Movie Review: Kiwis crack-up over caca in “Alien Addiction

If there’s such a thing as “universal humor,” it’s got to be toilet-based.

Planet to planet, galaxy by galaxy — excrement, poop, caca, dung — no matter how you polish it, a turd’s a turd. And talking about it, showing it, finding new ways to goof on the most basic of bodily functions is always going to be funny, no matter the means of communication.

“Alien Addition” is a stoner comedy from New Zealand about Kiwi potheads visited by aliens who seem to be searching the tractless void of space for their next high.

And what these hemorrhoid-headed saucer-steering voyagers are REALLY into is “beautiful, chunky texture” and “spicey,” and shouldn’t be wasted in septic tanks. Oh no.

Music video veteran Shae Sterling tells this story through the eyes, subtitle-worthy accents, slang and values of rural North Islanders, Maori mostly.

They like their pot, sure. But they’re hooked on the board game “Galaxy Gods,” each one quick to play the “alien” card. The only excitement in their lives is racing, by SUV, dirt bike and tuner car, to the local pool hall and pub where there’s always the chance that some cute backpacking tourist from South America will fall for a pickup line.

“If you were a banana, I’d SPLIT you…or um, if you were a banana, I’d find you APPEALING!”

But when Riko’s daft auntie (Veronica Edwards) claims “I seen an eyeball in the toilet,” nobody takes her seriously. She mixes up salt for sugar in her biscuits and can’t remember how to make a decent pot of tea. She’s lost it.

Riko (Jimi Jackson) soon finds out he and his mates were wrong. And after the shock of stumbling into the beeping, bleeping, burping swaybacked space travelers, whom he calls Gurgus and Jeff (Mel Price and Steven Samuel Johnston), he’s even more shocked by their priorities — getting a buzz on.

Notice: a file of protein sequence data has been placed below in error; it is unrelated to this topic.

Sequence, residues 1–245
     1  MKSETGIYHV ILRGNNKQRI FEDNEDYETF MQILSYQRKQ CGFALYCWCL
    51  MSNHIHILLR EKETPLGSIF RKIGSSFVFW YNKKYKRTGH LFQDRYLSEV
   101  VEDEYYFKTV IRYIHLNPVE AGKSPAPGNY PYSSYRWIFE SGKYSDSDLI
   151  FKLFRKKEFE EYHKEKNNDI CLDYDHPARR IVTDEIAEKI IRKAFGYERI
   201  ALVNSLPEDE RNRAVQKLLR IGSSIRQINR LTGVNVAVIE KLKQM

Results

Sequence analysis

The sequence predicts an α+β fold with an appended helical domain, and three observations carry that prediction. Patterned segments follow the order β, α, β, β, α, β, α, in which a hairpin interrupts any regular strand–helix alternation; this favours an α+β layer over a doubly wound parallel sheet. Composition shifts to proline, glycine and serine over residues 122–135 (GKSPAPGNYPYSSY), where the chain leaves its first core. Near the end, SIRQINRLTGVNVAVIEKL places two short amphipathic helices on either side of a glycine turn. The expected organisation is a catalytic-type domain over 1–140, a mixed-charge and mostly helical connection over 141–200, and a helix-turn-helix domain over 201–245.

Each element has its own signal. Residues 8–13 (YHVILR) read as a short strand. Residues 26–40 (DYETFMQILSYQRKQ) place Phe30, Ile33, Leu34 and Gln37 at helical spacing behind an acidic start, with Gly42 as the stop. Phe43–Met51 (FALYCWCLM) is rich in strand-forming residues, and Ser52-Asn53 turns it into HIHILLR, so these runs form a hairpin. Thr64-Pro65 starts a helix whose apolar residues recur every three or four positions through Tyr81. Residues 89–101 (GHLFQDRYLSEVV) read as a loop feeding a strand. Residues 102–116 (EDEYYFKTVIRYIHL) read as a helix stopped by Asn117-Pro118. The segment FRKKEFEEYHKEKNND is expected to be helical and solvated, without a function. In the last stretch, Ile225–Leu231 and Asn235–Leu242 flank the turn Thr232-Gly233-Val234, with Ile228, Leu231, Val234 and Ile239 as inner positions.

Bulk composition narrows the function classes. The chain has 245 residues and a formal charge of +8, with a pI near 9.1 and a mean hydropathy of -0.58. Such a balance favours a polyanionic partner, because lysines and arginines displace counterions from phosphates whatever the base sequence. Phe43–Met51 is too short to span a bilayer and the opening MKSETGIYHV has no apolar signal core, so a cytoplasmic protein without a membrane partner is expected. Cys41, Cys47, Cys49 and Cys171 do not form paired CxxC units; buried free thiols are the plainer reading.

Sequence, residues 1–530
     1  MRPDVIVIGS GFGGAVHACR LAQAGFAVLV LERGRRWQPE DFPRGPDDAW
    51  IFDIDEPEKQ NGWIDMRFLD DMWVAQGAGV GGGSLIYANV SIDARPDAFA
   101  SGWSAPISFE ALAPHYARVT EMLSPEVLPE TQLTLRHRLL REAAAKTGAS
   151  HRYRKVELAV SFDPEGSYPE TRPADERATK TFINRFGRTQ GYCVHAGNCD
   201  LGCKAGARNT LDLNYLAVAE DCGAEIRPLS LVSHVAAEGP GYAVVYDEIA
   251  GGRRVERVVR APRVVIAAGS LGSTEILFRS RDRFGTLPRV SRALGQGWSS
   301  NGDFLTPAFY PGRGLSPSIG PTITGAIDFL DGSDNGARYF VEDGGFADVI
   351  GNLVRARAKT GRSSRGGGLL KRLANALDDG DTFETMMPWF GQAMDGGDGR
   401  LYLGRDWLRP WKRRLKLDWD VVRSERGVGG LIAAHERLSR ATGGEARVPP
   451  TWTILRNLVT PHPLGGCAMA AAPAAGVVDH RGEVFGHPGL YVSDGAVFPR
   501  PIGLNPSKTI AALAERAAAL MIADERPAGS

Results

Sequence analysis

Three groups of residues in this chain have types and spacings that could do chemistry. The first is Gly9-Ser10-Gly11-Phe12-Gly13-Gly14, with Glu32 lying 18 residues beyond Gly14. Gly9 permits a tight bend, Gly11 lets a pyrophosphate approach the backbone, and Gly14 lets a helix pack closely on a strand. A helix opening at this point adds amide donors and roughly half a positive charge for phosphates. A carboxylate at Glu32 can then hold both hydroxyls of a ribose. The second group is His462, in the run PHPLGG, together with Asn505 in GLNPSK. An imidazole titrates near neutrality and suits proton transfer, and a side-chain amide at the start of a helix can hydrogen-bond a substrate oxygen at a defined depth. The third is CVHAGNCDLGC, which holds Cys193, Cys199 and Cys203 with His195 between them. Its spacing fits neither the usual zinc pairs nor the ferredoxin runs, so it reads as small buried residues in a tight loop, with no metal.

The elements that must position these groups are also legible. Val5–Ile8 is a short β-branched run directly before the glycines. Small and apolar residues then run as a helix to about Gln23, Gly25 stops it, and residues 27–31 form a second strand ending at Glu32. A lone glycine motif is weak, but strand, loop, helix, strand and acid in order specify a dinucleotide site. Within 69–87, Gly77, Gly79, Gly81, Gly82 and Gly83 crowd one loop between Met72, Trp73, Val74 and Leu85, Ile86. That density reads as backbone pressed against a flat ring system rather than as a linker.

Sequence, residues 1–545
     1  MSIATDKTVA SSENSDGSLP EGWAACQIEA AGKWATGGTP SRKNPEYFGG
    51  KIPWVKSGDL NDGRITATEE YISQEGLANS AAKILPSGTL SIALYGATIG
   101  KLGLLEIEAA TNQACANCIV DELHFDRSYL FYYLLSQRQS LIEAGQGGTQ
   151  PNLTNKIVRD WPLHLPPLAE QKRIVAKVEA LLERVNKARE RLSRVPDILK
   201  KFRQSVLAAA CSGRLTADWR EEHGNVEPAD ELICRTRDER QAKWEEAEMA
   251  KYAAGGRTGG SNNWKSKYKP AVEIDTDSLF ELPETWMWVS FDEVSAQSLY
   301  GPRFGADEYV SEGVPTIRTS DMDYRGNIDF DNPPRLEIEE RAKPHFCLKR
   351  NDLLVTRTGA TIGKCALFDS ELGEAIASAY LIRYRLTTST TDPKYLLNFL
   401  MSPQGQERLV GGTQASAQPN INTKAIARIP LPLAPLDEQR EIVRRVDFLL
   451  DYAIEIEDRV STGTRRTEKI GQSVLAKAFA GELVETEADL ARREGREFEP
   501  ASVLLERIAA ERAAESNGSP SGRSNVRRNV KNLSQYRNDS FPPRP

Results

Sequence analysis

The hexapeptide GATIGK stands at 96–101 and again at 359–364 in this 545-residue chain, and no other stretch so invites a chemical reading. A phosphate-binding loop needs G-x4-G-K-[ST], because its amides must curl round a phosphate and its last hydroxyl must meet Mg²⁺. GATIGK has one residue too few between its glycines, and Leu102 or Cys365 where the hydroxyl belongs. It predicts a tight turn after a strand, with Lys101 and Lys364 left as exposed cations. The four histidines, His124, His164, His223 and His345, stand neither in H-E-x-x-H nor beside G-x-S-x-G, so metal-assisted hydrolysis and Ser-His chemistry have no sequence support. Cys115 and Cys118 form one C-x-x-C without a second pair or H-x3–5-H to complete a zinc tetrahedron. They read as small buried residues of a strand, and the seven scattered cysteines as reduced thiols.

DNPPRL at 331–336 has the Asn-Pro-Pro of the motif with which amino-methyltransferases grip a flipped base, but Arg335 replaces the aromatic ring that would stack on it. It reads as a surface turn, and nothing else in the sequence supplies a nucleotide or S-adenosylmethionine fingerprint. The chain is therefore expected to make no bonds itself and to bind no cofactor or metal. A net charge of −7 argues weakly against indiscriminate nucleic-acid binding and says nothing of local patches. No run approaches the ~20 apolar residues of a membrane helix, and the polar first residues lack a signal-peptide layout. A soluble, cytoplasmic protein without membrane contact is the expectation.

And what suits their atomizing alien bong best? Poop.

Sterling sets up a more interesting comedy than he delivers. The gang of aimless 20somethings Riko hangs with (Tane Huata, Tukairangi Maxwell and Harry Summerfield) are hilarious, their profane banter the basis of many a goofy boy-bonding tale in a place and in a culture (Maori, mostly) we never see on the screen.

This is just his jumping off point, though, as Riko — after an in-the-shower freak-out of discovery — proceeds to bond with his “visitors,” who even have a voice decoder so that they can speak the same language.

“Could you change your voice? Cuz you sound Australian.”

Can’t have that.

A rugby lesson, a thrift-store makeover, stumbling on stage at a strip club, gambling, clubbing, all this stuff is crammed into a ditzy and dizzying first 40 minutes or so.

That “Precious”-sized “Flaming Red River Burger” joint waitress (JoJo Waaka) with the outrageously libidinous come-ons? She’ll play a big part in how things play out. So will the rest of the lads. Eventually.

The villain here is a hoax-pushing “science blogger” (Thomas Sainsbury) who, with his more ethical assistant (Ayham Ghalayini), predicted these aliens’ arrival and is convinced his reputation will be made if he can capture and autopsy them.

In its earliest, giddiest scenes, you really have no idea where any of this is going. The colorful cast reminds you of a dozen classic films about aimless youth set in the world’s out-of-the-way places.

And then the blue hemorrhoids show up, and the generic blogger-villain, and Sterling scrambles to find something novel and funny to do with them.

Sometimes he does. Sometimes he doesn’t.

Still, Jackson makes a great tour guide for local life — in BFE, NZ — with a trip to the big city of Auckland in a stolen hearse as a bonus. The stoner humor works, the “bum hole” stuff runs out of gas (ahem) quicker than all involved seem to realize.

MPAA Rating: unrated, sex, nudity, drug use, scatological humor

Cast: Jimi Jackson, Thomas Sainsbury, JoJo Waaka, Harry Summerfield, Ayham Ghalayini, Tane Huata, Tukairangi Maxwell and Veronica Edwards.

Credits: Written and directed by Shae Sterling. A Sept.29 Zonic TV release (available on various streaming platforms, Amazon, etc).

Running time: 1:36

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